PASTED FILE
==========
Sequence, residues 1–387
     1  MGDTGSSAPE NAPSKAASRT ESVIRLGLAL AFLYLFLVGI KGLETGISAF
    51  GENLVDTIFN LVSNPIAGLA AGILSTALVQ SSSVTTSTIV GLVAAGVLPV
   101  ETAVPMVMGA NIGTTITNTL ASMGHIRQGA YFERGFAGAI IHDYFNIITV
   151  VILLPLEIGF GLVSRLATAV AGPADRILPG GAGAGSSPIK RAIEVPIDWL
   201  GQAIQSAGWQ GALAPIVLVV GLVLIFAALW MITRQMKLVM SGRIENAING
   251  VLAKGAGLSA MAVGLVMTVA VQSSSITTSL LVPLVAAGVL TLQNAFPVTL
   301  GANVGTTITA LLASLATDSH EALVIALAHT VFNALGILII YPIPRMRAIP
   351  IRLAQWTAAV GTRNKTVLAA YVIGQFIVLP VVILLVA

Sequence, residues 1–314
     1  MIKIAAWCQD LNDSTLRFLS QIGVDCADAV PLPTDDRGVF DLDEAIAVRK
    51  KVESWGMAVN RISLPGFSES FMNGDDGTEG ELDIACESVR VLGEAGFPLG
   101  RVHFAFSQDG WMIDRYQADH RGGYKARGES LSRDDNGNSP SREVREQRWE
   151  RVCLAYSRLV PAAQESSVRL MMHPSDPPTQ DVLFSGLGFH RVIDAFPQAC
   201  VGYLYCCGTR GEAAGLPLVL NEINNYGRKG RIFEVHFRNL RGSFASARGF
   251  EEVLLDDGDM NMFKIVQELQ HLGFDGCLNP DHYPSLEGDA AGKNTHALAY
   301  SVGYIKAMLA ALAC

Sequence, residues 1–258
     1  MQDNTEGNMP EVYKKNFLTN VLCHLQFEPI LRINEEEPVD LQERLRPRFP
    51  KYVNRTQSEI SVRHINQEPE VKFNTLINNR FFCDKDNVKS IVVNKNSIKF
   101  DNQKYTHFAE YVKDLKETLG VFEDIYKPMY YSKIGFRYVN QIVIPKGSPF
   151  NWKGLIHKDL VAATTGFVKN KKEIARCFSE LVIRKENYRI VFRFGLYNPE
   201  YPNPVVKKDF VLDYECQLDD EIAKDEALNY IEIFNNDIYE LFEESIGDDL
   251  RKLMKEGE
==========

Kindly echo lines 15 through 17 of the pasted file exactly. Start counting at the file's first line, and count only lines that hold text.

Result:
   201  VGYLYCCGTR GEAAGLPLVL NEINNYGRKG RIFEVHFRNL RGSFASARGF
   251  EEVLLDDGDM NMFKIVQELQ HLGFDGCLNP DHYPSLEGDA AGKNTHALAY
   301  SVGYIKAMLA ALAC